HASTAC Scholars

HASTAC (“haystack”) is an alliance of more than 11,500 humanists, artists, social scientists, scientists and technologists working together to transform the future of learning for the 21st century. Since 2002, HASTAC has served as a community of connection where members share news, tools, research, insights, and projects to promote engaged learning for a global society. Issues of access and equality are as important to HASTAC’s mission as the latest technological innovations; creative contribution is as important as critical thinking.

IDAH has sponsored over 20 HASTAC scholars since 2011.

HASTAC Scholars fellowship program is a student-driven community of graduate and undergraduate students who are working at the intersection of technology and the arts, humanities and sciences. Their work centers on rethinking pedagogy, learning, research, and academia for the digital age.

Scholars make professional and intellectual connections beyond their institutions and disciplines by collaborating, blogging, and sharing research and opportunities on HASTAC.org. Student-led forums have engaged hundreds of thousands of unique visitors to discuss topics including Academic Publishing in the Digital Age, Visualization and Mapping, and Democratizing Knowledge. More than 800 graduate and undergraduate HASTAC Scholars have been sponsored by 145 colleges and universities from several countries.

Current HASTAC Scholars

Katie Chapman

Ph.D. Candidate, Musicology

Project: Troubadour Melodies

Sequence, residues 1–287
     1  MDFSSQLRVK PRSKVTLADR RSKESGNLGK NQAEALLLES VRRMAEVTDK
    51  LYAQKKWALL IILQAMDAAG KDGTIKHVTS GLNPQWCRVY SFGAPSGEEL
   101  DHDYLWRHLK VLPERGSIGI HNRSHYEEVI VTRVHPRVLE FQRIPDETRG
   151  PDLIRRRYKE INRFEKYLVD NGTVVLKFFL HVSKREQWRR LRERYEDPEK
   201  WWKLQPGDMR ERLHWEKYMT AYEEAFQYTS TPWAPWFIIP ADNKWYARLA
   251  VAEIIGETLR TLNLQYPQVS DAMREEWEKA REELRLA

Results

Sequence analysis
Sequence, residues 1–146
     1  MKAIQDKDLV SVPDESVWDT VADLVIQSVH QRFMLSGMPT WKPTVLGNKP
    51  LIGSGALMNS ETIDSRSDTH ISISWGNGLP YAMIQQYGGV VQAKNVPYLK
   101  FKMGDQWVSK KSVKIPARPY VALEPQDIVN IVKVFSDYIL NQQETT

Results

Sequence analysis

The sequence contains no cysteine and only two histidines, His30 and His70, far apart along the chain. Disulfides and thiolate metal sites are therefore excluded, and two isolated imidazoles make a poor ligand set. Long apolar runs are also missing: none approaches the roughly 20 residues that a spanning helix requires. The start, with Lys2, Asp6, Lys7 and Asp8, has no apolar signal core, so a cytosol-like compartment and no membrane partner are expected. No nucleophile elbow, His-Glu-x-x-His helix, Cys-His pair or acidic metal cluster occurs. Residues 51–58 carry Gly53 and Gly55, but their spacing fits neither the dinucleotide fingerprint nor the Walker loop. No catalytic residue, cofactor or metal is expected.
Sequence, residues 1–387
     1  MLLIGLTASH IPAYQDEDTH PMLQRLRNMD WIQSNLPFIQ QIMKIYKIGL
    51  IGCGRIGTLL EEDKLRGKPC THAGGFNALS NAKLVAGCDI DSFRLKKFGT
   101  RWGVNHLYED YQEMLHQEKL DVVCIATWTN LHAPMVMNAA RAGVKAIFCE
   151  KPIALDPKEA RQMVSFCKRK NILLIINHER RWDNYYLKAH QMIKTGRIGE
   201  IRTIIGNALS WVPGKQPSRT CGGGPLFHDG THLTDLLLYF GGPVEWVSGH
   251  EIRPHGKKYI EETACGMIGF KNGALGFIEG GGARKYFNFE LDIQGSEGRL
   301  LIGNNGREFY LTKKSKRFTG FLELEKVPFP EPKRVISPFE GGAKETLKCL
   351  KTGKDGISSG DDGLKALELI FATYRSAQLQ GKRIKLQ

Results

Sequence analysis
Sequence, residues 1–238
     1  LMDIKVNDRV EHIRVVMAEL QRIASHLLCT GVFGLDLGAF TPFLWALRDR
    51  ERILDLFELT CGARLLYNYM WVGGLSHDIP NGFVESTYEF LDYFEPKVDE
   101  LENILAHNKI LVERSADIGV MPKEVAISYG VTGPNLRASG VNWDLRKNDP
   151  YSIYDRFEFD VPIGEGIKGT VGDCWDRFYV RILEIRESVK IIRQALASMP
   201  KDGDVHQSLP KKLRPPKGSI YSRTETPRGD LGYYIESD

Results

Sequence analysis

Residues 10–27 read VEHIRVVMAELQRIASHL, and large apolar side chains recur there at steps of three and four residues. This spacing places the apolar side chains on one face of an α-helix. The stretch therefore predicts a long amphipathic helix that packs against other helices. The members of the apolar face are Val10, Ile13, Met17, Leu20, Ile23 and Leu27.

The online database includes basic information about and transcriptions of the extant troubadour melodies as they are found in the manuscripts using searchable alpha-numeric strings designed for the font Volpiano. The site gives basic information on the manuscripts and troubadours themselves as well as tables showing concordances and totals of melodies by troubadour, manuscript, genre, and catalog number. The project also involves building on an existing search tool to add additional search options as well as developing a fuzzy search for the melodies and exploring analysis possibilities using text mining tools on the encoded melodies. My dissertation also applies statistical analysis programs to the texts of the troubadour poems and related works, as well as using mapping software to visualize the transmission of the troubadour corpus.

Jason Choi

BA Student, Major: Information Systems, Minor: Music, Kelley School of Business

Project: Research on musicians and how technology influences their composition in classical music.